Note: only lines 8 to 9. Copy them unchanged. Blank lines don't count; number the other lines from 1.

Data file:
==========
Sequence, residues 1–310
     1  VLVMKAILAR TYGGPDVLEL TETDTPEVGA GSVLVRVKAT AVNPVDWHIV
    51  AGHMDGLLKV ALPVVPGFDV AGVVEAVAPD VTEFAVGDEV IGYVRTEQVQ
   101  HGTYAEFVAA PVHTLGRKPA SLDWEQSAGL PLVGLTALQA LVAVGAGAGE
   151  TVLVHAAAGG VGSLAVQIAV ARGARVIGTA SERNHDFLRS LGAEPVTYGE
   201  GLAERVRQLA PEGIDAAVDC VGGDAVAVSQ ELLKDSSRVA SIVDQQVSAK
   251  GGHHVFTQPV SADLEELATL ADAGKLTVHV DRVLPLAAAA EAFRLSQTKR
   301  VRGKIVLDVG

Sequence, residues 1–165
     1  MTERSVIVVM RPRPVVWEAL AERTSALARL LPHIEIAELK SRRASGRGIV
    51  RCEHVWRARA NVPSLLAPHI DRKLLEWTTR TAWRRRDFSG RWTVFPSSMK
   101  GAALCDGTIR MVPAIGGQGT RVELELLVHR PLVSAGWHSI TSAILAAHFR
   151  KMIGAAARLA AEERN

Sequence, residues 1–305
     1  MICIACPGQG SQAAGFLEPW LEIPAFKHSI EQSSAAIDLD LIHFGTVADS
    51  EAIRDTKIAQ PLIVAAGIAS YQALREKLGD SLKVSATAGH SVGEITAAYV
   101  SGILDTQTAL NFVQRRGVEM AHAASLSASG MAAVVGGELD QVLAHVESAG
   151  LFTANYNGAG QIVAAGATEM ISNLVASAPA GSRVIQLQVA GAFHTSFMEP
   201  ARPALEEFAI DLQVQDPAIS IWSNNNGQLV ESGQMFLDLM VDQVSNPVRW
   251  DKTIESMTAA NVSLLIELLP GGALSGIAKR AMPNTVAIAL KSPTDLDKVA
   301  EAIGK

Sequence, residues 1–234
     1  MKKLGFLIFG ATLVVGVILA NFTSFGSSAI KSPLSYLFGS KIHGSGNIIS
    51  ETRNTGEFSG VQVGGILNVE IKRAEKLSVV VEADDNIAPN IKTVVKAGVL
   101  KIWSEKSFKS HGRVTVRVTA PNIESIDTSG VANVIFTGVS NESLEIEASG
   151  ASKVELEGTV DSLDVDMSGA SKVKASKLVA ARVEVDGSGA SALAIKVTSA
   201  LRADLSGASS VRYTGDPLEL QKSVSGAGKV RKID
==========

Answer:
   301  VRGKIVLDVG

Sequence, residues 1–165